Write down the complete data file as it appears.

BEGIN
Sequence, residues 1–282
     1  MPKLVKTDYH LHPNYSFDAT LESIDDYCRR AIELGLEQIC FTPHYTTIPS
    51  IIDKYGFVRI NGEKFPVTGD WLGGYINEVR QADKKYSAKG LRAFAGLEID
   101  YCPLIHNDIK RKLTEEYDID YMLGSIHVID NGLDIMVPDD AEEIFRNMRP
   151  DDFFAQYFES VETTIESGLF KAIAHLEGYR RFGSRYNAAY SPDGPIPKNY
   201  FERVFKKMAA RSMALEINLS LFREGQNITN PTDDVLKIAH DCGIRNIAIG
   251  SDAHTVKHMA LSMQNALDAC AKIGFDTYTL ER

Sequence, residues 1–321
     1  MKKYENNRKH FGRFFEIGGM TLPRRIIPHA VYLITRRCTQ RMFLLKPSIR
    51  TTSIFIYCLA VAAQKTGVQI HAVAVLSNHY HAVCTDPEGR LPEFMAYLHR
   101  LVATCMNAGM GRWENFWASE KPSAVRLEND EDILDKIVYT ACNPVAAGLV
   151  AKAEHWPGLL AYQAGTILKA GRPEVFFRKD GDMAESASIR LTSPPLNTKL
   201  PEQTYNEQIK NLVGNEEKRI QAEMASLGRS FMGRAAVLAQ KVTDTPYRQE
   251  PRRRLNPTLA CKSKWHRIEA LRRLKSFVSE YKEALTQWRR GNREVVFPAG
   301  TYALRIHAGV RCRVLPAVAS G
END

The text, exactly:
Sequence, residues 1–282
     1  MPKLVKTDYH LHPNYSFDAT LESIDDYCRR AIELGLEQIC FTPHYTTIPS
    51  IIDKYGFVRI NGEKFPVTGD WLGGYINEVR QADKKYSAKG LRAFAGLEID
   101  YCPLIHNDIK RKLTEEYDID YMLGSIHVID NGLDIMVPDD AEEIFRNMRP
   151  DDFFAQYFES VETTIESGLF KAIAHLEGYR RFGSRYNAAY SPDGPIPKNY
   201  FERVFKKMAA RSMALEINLS LFREGQNITN PTDDVLKIAH DCGIRNIAIG
   251  SDAHTVKHMA LSMQNALDAC AKIGFDTYTL ER

Sequence, residues 1–321
     1  MKKYENNRKH FGRFFEIGGM TLPRRIIPHA VYLITRRCTQ RMFLLKPSIR
    51  TTSIFIYCLA VAAQKTGVQI HAVAVLSNHY HAVCTDPEGR LPEFMAYLHR
   101  LVATCMNAGM GRWENFWASE KPSAVRLEND EDILDKIVYT ACNPVAAGLV
   151  AKAEHWPGLL AYQAGTILKA GRPEVFFRKD GDMAESASIR LTSPPLNTKL
   201  PEQTYNEQIK NLVGNEEKRI QAEMASLGRS FMGRAAVLAQ KVTDTPYRQE
   251  PRRRLNPTLA CKSKWHRIEA LRRLKSFVSE YKEALTQWRR GNREVVFPAG
   301  TYALRIHAGV RCRVLPAVAS G